L i v e Yo u n g e r L o n g e r
“When the doctor listened to my heart,
his eyes got real big,” Olson recalls.
“He said, ‘How long have you had a
heart murmur?’” Olson was told to go
home, avoid anything stressful—and
see a cardiologist.
A career-ending diagnosis
David Ploss, MD,
Olson had what’s
called a bicuspid
aortic valve. And
he delivered this
difficult news: No
more fighting fires.
“Every firefighter’s goal is to have that last
day on the engine, to walk out with your
head up and your body intact,” Olson
says. “I never had that. It was over—poof.”
It was a blow, but the risk simply wasn’t
The aortic valve controls blood flow from
the lower left chamber of the heart to the
aorta—the large artery that carries blood
away from the heart. A normal aortic
valve is made up of three cusps, which
resemble upside-down parachutes. They
open and close to keep blood flowing in
the right direction. But a bicuspid aortic
valve like Olson’s has only two cusps.
“Bicuspid aortic valves tend to degenerate
sooner than regular valves,” says Andreas
Sakopoulos, MD, FACS, a cardiothoracic
surgeon with Adventist Heart Institute.
“They can become leaky, or they can
Tests showed Olson’s valve was severely
leaky, forcing his heart to work harder. But
that wasn’t the only problem. “In addition,
his aorta was twice its normal size,
creating an aneurysm that could rupture,”
Dr. Sakopoulos says. That would end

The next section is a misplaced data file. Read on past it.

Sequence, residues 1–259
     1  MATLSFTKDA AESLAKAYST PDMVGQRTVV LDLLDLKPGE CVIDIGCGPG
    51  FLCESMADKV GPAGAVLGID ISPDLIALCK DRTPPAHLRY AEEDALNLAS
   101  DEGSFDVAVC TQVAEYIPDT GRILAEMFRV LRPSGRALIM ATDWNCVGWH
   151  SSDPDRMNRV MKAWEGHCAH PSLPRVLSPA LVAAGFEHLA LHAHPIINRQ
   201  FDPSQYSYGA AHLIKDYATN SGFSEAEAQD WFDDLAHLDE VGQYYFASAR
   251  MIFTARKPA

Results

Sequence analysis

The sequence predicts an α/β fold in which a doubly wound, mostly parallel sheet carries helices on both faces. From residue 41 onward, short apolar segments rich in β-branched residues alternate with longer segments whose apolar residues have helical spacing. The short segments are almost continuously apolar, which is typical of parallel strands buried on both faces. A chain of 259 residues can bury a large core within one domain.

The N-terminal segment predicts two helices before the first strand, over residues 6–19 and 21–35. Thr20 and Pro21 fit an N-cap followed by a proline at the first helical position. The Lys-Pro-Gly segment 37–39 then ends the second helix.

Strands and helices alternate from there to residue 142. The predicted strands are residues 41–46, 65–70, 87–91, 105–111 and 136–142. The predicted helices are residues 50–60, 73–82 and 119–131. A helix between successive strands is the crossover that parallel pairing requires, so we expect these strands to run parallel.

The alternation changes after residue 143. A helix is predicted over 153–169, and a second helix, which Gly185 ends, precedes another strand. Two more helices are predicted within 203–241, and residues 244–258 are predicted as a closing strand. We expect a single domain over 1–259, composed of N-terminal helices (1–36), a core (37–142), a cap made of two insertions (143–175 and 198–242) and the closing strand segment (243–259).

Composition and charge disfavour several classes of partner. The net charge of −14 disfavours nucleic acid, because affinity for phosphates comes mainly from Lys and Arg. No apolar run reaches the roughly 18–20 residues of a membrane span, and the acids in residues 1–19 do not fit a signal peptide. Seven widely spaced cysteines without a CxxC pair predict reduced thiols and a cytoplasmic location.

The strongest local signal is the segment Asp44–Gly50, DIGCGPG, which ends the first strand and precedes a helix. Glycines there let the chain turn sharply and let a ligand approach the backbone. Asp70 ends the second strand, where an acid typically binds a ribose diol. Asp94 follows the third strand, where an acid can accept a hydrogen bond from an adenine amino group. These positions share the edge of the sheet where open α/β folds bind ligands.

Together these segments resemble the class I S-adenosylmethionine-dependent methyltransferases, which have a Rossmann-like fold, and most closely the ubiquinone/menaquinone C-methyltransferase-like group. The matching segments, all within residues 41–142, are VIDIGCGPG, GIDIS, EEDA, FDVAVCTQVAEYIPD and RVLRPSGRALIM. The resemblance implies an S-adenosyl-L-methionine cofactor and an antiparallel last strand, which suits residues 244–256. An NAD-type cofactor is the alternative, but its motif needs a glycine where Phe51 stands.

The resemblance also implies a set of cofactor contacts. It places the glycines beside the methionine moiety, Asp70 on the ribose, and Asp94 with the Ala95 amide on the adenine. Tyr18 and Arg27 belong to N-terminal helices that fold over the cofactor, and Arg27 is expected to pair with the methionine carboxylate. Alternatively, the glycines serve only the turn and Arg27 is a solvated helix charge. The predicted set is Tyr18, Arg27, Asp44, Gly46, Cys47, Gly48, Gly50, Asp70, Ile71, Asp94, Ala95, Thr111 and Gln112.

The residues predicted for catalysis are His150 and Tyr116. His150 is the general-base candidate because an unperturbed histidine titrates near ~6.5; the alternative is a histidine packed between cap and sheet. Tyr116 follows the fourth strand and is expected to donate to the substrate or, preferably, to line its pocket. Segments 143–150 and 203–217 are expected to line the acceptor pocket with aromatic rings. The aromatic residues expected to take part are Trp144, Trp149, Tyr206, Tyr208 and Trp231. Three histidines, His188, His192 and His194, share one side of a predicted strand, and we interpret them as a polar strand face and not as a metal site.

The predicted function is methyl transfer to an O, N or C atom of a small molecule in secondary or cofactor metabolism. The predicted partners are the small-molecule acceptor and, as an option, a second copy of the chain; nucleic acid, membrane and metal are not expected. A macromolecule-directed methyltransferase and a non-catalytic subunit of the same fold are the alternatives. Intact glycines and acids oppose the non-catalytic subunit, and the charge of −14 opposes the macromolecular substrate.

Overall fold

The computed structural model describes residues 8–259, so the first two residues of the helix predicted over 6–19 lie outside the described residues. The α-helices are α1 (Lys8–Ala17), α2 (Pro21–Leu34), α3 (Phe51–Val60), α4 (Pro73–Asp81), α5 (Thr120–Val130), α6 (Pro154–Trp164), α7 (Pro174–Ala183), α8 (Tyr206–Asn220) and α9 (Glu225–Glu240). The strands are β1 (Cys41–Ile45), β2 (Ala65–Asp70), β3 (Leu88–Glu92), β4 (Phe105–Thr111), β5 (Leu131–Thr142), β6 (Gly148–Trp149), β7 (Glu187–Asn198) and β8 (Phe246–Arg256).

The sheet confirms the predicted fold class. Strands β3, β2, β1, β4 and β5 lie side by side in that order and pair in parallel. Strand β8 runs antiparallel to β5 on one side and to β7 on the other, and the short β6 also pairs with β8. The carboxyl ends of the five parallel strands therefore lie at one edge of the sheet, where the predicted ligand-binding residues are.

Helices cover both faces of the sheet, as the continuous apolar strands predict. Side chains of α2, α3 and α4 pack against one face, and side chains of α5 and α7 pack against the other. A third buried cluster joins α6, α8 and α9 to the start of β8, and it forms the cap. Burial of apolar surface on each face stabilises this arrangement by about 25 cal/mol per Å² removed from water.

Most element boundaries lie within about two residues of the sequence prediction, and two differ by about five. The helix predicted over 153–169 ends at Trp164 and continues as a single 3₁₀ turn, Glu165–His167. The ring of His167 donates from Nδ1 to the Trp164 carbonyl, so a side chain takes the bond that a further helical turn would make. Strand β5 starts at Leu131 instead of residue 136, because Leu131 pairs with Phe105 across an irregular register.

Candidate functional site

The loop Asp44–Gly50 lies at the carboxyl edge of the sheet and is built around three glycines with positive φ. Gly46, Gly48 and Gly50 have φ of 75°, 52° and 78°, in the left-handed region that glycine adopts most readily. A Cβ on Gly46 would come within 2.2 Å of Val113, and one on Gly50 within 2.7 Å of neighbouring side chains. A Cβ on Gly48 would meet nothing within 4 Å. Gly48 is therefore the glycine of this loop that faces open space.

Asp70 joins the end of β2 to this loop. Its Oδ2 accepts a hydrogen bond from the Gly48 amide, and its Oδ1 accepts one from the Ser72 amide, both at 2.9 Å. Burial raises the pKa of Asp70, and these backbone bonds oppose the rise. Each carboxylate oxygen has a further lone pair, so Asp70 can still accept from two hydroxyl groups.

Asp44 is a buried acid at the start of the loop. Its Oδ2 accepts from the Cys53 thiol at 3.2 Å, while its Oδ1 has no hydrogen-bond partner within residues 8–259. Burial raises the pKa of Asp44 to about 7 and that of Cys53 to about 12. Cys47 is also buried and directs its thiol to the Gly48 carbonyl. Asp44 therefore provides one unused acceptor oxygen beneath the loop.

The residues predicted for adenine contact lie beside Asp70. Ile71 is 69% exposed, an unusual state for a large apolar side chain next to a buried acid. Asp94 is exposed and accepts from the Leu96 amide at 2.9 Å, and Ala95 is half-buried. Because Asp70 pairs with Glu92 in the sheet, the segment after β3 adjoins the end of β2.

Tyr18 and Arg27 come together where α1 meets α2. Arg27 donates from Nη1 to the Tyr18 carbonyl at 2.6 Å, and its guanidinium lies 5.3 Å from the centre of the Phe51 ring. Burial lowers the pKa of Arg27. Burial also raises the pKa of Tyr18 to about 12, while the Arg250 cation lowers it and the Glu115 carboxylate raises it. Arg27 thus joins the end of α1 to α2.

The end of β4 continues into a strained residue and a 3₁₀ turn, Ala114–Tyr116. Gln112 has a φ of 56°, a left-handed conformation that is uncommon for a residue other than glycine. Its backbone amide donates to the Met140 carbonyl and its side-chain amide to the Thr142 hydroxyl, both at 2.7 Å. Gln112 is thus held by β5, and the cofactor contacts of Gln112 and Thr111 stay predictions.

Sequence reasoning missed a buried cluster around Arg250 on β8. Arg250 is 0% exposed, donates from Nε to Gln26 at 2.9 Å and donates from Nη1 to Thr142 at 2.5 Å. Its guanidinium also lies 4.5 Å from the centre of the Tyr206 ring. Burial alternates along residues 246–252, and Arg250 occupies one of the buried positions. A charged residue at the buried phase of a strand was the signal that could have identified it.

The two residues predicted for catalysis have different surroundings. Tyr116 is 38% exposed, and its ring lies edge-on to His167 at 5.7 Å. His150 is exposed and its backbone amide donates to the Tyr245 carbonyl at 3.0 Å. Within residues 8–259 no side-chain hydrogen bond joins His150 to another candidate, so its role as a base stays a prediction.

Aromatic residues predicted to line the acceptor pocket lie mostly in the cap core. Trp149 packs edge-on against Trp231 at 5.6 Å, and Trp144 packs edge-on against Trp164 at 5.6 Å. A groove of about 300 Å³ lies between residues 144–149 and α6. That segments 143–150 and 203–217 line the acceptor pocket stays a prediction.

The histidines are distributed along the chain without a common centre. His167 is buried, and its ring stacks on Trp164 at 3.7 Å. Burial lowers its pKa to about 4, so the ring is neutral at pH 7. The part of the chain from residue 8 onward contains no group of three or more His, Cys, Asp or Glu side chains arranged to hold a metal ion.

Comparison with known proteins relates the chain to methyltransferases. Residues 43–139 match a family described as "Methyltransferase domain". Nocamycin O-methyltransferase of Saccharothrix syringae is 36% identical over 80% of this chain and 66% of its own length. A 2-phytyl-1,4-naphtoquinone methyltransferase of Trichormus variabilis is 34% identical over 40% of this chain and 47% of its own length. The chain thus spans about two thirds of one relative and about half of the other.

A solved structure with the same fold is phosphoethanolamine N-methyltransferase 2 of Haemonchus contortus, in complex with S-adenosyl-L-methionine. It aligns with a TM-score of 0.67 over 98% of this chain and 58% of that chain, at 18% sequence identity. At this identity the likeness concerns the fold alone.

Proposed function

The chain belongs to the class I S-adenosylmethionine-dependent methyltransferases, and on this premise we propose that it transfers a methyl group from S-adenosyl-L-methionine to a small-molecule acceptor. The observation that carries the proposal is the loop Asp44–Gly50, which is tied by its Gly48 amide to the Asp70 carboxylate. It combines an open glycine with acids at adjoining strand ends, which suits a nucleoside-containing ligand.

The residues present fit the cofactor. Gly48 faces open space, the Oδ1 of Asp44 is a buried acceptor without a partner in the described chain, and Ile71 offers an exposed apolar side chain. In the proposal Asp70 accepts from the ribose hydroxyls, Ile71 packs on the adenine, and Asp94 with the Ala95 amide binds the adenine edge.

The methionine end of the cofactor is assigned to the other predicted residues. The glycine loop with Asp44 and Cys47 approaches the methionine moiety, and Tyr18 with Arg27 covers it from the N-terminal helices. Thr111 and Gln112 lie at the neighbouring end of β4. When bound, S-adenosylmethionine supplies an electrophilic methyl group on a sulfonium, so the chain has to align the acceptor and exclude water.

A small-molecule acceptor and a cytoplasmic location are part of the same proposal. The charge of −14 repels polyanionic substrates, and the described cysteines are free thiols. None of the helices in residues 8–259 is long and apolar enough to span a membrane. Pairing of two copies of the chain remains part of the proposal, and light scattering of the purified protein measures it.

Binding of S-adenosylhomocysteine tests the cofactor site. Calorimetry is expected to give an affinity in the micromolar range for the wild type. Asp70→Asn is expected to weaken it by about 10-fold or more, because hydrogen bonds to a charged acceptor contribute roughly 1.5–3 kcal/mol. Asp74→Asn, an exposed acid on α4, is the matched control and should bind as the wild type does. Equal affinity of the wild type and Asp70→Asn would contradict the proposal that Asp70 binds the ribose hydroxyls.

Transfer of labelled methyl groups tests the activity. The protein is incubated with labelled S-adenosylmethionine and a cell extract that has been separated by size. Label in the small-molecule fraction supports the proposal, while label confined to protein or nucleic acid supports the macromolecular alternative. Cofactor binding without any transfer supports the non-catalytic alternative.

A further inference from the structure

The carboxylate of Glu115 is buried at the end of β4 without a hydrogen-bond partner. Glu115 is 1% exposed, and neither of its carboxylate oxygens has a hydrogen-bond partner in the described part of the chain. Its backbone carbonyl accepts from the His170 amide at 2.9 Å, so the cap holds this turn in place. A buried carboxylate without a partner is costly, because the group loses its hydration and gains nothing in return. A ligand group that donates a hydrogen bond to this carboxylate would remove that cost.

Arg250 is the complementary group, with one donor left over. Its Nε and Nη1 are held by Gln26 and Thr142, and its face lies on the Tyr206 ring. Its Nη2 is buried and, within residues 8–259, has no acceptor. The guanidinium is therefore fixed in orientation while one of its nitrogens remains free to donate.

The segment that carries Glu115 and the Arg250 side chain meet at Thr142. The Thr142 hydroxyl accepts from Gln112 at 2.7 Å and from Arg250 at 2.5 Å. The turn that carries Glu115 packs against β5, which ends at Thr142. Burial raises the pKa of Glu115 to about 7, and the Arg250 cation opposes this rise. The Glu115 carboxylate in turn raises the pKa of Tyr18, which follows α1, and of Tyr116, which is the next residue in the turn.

more than his career—it could end his life.
By late 2014, it was no longer enough
to monitor Olson’s heart condition. To fix
What happens when
a lifesaver needs saving
To risk your life as a firefighter takes a generous spirit—plus a healthy heart.
And throughout his 22 years as a professional firefighter in Eureka, Keith Olson
assumed his heart would always be as fit for the job as his spirit was eager.
But during a routine firefighter’s physical in 2012, Olson was shocked
to learn he had a potentially life-threatening heart defect.
both problems, he needed a complex
surgery to replace both the leaky valve
and his ascending aorta, which is about
3 inches long.
From the moment we
arrived, we felt informed and
welcomed—there was a
strong sense of confidence.
David Ploss, MD, FACC
A hospital worth the commute
Olson and his wife, Monica, a registered
nurse, investigated the options. “In talking
to Dr. Ploss,” he says, “it was clear that
there were some hospitals that really
stood out in his mind.” St. Helena Hospital
had experts like Dr. Sakopoulos who could
handle everything from minimally invasive
valve replacement surgeries to more
complex open surgeries like Olson’s.
Though commuting to St. Helena meant
a nearly five-hour drive, the couple knew
they were in the right place. And extra